July 06--Mitchell Hau sits in the front row of the Shaghoian Hall. He's impressed.
How could he not be? Sprawled across a 42-feet by 24-feet movie screen, a drawing of a 19th century sailing vessel tied up at port transforms the stage into a bustling Parisian dock. When Hau drew that image, it was on a small piece of paper 8 inches wide.
Now it's almost as big as, well, a ship.
Such is the technology at work in StageWorks Fresno's new production of "Les Miserables," which will be performed Friday and July 14.
When the company's artistic director, Joel Abels, decided to mount the popular show, he knew he was only looking at a two-performance run. It would have been very expensive for such a short run to build the expensive sets that "Les Miz" -- which requires a director to recreate scenes ranging from a factory interior to a raging battle in the streets of Paris -- demands.
And Abels wanted to experiment with a new frontier of theater design: using computing power to take audiences around the world without raising a hammer. (Besides, Abels would rather blow the bank on the costume budget, which is lavish for this production.)
Twenty-eight digital backdrops will be used throughout the fully staged show, which features a cast of 48 and 14 musicians.
Abels turned to Hau, a Fresno State theater major and company member (he plays one of the student rebels), to kick off the brave new process. Largely a self-taught artist, Hau has been sketching since childhood. He studied old 19th century wood-block prints published with the original "Les Miserables" novel by Victor Hugo. He spent long hours on each image for the show.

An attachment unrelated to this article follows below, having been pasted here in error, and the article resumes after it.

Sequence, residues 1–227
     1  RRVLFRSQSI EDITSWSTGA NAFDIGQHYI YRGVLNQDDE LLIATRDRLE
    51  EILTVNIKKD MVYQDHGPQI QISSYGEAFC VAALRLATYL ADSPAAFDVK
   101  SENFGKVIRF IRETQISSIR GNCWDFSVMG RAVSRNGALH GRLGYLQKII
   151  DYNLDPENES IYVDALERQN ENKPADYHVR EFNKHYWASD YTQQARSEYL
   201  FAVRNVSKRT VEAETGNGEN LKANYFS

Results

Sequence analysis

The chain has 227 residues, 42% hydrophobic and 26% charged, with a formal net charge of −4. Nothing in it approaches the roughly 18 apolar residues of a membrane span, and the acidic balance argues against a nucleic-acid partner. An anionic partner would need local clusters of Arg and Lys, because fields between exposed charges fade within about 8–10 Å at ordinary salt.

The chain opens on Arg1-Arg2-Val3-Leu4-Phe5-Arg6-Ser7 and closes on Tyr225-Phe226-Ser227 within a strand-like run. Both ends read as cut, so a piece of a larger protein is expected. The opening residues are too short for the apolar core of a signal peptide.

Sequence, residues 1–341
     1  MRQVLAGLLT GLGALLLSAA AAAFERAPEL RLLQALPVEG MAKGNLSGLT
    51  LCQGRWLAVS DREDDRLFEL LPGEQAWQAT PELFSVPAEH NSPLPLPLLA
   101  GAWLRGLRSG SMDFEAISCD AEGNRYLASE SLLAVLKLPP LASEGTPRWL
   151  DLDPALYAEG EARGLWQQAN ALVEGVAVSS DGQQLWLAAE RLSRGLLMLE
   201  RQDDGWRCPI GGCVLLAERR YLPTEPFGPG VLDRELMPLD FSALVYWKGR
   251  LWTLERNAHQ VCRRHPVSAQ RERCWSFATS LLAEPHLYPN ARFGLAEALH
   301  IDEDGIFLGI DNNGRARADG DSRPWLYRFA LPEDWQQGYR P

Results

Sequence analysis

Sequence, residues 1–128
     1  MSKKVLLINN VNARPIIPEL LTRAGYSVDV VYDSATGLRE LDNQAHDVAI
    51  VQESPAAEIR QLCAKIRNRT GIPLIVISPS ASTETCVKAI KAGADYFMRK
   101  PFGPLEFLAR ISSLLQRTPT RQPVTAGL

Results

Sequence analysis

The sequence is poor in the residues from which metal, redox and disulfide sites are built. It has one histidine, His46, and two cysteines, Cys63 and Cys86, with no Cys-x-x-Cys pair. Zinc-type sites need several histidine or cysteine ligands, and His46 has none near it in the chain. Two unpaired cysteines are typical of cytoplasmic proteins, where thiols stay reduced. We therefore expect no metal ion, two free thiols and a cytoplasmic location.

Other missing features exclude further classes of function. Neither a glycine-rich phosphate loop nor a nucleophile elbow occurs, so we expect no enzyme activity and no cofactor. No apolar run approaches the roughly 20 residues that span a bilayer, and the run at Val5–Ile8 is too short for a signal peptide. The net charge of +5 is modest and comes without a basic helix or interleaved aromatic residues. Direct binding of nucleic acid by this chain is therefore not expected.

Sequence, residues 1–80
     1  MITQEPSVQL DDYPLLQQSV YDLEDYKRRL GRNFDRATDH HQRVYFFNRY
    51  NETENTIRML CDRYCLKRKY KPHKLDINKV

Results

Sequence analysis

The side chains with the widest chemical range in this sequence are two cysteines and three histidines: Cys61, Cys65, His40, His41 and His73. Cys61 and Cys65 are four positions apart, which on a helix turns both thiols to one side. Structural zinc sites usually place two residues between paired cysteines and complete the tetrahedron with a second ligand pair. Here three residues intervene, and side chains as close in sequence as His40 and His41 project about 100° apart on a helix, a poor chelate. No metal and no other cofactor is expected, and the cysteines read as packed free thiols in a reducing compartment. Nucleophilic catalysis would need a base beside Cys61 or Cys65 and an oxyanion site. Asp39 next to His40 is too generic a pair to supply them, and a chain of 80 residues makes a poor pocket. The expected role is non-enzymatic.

Then the second person involved in the creative process took over. Dominic Grijalva is well-known to Good Company Players and StageWorks audiences as an actor, but he's also making a name for himself in terms of digital projections. (He designed the video animation in the recent GCP production of "Spamalot.")
Spending hours as well, Grijalva massaged each of Hau's hand-drawn images by digitizing them, then using Adobe software to add texture and a sense of age to each one. He added touches of animation to many -- boats sailing in a river, sewage tumbling out of Paris' famed sewer.
Are digital backdrops cutting-edge in the world of theater today? Not in New York, really, where just about every Broadway musical uses some form of them in scenic designs, Abels notes. The musical version of 2006's "Mary Poppins" broke new ground by featuring extensive animation in the "Feed the Birds" scene, for example.
And 2012's "Ghost: The Musical" smothered the stage in massive video screens -- including the back and side walls -- with many on moveable panels that slid, swooped and folded out. The audience was bombarded with graphics, rapidly changing colors, big blocks of text and even video of the dancers complementing the live ones on stage.
But in Fresno theater, such uses of technology are rare. I don't see it always being that way in the future. There might come a time when local theater companies will be able to rent digital backdrops, much as they often do with "real" sets and costumes. Once you invest in the hardware, building a set could become as easy as a download.
I can also see where such innovations could become a crutch. It will take sharp and creative scenic designers to know when to use technology, when to combine it with traditional scenery and when not to overuse -- and abuse -- it.
In the case of this "Les Miz," the 48-foot-wide experiment signals an exciting upgrade for local theater.
Still, when you rely on technology, you can't be too cocky. Abels plans to have an extra bulb on hand for the projector in case the original blows out.
IF YOU GO
"Les Miserables," 8 p.m. Friday, July 12, 2 p.m. July 14. Shaghoian Hall, 2770 E. International Ave. stageworksfresno.com, (559) 289-6622. $35-$45.
The columnist can be reached at (559) 441-6373, email@example.com and @donaldbeearts on Twitter. Read his blog at fresnobeehive.com.
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